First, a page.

The brochures are pouring in.
Through snail mail, online and via our kids’ backpacks from school.
It is mind-boggling how many summer camps there are to choose from.
We are inundated with choices. Art and theater camps, sailing, tennis, or surfing camps. There is an amusement park camp, gymnastics camp, cheerleading camp, any sport with a ball kind of camp, horse camp, Vacation Bible School, sleep away camp and a plethora of academic camps designed to give kids a leg up in math or writing. Chess camp, Lego camp, science camps and nature-based camps round out the choices.
The last month of school, all the moms are buzzing about which camp they are sending their kids to, and coordinating with other moms. A dizzying proposition – coordinating summer for multiple kids with diverse ages and interests.
In the case of two working parents, it is imperative to find camps that best suit everyone’s schedules and makes the kids happy.
But, if there is any flexibility, I would like to make the case for planning an unplanned summer.
It is not that I am anti-camp. I went to a few camps growing up. My kids have done a smattering of camps here and there. I just really look forward to the lazy days of summer and being with my kids. I love not having to be anywhere at any certain time.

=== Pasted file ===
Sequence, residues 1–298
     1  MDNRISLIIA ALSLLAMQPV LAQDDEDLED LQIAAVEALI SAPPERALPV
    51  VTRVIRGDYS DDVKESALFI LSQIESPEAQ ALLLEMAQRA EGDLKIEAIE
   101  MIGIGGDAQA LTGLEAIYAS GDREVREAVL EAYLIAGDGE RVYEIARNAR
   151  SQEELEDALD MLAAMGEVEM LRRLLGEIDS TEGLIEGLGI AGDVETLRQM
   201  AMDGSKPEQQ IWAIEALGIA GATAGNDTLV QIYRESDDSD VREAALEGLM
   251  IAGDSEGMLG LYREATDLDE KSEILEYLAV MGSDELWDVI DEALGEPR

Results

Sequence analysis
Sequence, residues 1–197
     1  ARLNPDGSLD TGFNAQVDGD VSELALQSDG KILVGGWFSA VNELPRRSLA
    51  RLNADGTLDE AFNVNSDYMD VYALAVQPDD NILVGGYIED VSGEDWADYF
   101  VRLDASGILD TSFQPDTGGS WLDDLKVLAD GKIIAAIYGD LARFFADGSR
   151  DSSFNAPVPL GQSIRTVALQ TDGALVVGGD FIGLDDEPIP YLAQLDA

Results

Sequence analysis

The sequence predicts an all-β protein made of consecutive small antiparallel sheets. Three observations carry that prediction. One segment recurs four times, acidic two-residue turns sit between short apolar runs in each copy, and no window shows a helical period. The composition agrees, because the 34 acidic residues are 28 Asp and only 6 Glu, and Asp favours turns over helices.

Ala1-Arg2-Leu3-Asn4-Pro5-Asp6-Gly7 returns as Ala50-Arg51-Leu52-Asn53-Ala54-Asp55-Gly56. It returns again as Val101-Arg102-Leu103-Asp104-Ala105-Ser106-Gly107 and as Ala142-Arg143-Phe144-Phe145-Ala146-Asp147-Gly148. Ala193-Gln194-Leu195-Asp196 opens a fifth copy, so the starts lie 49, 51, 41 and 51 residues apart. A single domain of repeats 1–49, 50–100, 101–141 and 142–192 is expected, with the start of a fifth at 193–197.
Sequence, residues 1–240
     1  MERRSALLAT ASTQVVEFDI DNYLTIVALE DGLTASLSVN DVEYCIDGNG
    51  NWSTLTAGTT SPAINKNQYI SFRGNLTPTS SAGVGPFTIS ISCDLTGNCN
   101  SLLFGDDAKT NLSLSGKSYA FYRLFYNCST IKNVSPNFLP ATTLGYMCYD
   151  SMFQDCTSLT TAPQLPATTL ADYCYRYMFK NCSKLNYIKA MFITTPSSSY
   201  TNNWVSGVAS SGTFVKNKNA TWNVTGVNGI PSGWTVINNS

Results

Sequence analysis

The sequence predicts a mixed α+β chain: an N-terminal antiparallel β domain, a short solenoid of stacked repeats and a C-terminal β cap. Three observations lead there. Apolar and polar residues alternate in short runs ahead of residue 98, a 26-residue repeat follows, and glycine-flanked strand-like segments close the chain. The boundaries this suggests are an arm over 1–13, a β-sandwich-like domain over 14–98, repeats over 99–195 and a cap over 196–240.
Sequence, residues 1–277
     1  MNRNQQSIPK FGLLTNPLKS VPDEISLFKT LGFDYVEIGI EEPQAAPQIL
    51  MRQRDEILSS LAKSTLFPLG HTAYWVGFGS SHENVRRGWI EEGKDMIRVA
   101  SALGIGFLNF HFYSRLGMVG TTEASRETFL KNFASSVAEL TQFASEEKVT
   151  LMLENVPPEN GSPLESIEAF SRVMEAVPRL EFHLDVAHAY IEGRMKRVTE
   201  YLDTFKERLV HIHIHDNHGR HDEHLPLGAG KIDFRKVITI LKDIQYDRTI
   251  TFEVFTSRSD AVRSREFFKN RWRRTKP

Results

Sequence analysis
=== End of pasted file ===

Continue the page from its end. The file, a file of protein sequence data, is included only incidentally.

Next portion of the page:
The unplanned summer does not mean uncool or unadventurous. It doesn’t even mean we have no plans at all. It just means that the pressure has been removed and we leave plenty of space for spontaneity.
Last summer I bought a poster board and wrote “SUMMER” at the top. I told the kids to all write whatever it was they wanted to do over the summer. This list included things like lemonade stand, a movie that they wanted to see, washing mom’s car, picnic at the park, water balloon fight. Every time we did something on the list, we would cross it off.
A couple summers, I organized our own “camp.” Camp Free to Be You and Me in 2008 and Camp Chaos in 2009 were both based on the ideas of homespun fun and simple pleasures. I bought t-shirts for 3 bucks each and set the kids loose with the blank shirts and a bunch of colored sharpies. Never have there been more beautiful camp t-shirts.
Among the favorite camp activities were the Popsicle Taste Test, learning how to burn a hole in a piece of paper with a magnifying glass, and making forts out of cardboard boxes.
While I don’t want to have too many plans this summer, I have decided to bring back the home-based camp. This year’s name – Camp Watch the Clouds Roll By
If nothing else happens this summer, I just want to live out this one fantasy: lying on the grass with my kids and finding objects in the clouds formations. A kangaroo or banana split or a curly headed man with his mouth open, it doesn’t really matter. With how quickly the world is changing, I’m afraid my kids may grow up having missed out on one of the greatest pleasures of summer.
A warm sunny day relaxing with my kids. Savoring their childhood voices and small fingers pointing upwards towards the bulbous clouds, telling me what they see.
Watching the clouds roll by is the ultimate symbol of being in a relaxed state and enjoying the moment.
That is my plan for summer.